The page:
These 5 Photos Reveal Why You Can Never Trust A Democrat

These 5 Photos Reveal Why You Can Never Trust A Democrat


Robert Gehl writes that if you’re a government employee, hoping that your state, city or county employer will make good on their promise of a pension when you retire, you might want to start stocking up on powdered milk and potable water.

Most of America’s state and municipal governments are playing a shell game with their public pension system and kicking the can down the road as long as possible.

But for every kick, the can gets larger and larger – eventually it will be a boulder-sized can, incapable of being kicked any further.

ZeroHedge writes about a new report showing the true severity of the public pension problem in the country. The report reviews the nation’s 649 state, county and local pensions systems and ranks them based on impact on local budget, health and funding status.

The results are unfunded liabilities near $4 trillion.

The state with the worst-funded pension is Illinois, where the state only has about 30 percent of the money necessary to keep the system afloat.

The percentage of revenue necessary to actually keep the pension system afloat is far greater than what is actually being contributed. In Illinois, they would have to dedicate almost one in every four dollars to the system to prevent eventual collapse.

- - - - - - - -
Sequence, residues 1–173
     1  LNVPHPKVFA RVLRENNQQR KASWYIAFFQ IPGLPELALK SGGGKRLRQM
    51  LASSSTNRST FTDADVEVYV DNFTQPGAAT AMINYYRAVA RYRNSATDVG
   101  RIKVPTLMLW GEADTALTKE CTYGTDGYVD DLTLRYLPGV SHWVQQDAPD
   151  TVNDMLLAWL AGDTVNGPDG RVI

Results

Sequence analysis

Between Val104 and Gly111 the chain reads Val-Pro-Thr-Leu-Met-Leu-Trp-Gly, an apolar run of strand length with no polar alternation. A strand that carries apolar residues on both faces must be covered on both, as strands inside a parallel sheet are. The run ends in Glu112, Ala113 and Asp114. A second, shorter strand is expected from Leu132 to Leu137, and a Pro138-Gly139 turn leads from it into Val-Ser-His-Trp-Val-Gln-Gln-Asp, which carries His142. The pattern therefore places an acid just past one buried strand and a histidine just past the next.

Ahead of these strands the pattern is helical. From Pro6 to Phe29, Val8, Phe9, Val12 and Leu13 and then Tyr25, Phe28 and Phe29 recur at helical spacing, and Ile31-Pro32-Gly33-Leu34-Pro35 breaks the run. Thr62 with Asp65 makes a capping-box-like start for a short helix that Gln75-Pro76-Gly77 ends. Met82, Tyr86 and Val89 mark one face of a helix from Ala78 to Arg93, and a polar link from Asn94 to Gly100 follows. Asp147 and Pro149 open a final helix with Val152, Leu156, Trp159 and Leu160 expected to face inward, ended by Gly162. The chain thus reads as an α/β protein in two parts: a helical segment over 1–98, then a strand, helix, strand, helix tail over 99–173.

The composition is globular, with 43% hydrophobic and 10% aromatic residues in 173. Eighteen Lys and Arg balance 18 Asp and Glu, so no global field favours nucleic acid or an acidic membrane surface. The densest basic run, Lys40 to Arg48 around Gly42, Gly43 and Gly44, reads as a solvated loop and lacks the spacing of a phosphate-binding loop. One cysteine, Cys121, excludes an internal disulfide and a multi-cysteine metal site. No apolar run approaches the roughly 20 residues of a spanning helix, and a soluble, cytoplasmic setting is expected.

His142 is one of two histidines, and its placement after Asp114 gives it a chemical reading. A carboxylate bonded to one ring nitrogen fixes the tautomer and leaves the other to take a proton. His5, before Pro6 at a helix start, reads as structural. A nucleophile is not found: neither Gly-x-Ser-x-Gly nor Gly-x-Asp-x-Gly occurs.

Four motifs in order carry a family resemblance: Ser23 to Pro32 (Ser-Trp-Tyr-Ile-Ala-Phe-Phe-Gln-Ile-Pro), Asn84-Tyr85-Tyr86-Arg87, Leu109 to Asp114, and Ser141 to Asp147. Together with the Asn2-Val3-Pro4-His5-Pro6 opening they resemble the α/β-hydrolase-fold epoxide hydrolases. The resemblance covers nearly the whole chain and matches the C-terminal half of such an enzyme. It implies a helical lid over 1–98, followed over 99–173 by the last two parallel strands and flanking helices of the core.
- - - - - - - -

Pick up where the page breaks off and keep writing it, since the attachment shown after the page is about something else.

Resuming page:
America’s big cities are in dire straits too. And since Illinois is in such bad shape, so too, is Chicago, where their current funding ratio is the lowest of any other city.

Meanwhile, Chicago would have to spend nearly 45% of its annual budget on pension contributions just to avoid losing additional ground.

And Chicago’s Cook County took second place to Detroit’s Wayne for the worst-covered county.

But when it comes to underfunding pensions relative to actual county revenue, nobody beats California, which dominated the list.

ZeroHedge writes: “Of course, as we’ve said many times before, these public pension problems can be ignored for a very long time as managers pursue the “kick the can down the road” strategy.  That said, eventually each and every one of them will face an actual funding crisis that can only be solved with actual cash rather than funky pension math.  When that day comes, people will look back and fondly reminisce about the “mild” recession of 2009.”

This can only continue for so long until it finally collapses. And when it does, there will be a real mess on hand…

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